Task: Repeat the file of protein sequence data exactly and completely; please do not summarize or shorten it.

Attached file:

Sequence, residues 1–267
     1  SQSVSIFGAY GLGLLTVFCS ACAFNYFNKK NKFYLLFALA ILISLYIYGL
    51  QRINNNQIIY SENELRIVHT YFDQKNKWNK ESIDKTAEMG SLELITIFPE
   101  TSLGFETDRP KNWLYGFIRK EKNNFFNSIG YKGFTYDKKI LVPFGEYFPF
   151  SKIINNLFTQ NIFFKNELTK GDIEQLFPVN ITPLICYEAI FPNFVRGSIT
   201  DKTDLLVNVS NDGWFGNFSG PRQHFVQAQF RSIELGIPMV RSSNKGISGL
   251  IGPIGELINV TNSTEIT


Sequence, residues 1–267
     1  SQSVSIFGAY GLGLLTVFCS ACAFNYFNKK NKFYLLFALA ILISLYIYGL
    51  QRINNNQIIY SENELRIVHT YFDQKNKWNK ESIDKTAEMG SLELITIFPE
   101  TSLGFETDRP KNWLYGFIRK EKNNFFNSIG YKGFTYDKKI LVPFGEYFPF
   151  SKIINNLFTQ NIFFKNELTK GDIEQLFPVN ITPLICYEAI FPNFVRGSIT
   201  DKTDLLVNVS NDGWFGNFSG PRQHFVQAQF RSIELGIPMV RSSNKGISGL
   251  IGPIGELINV TNSTEIT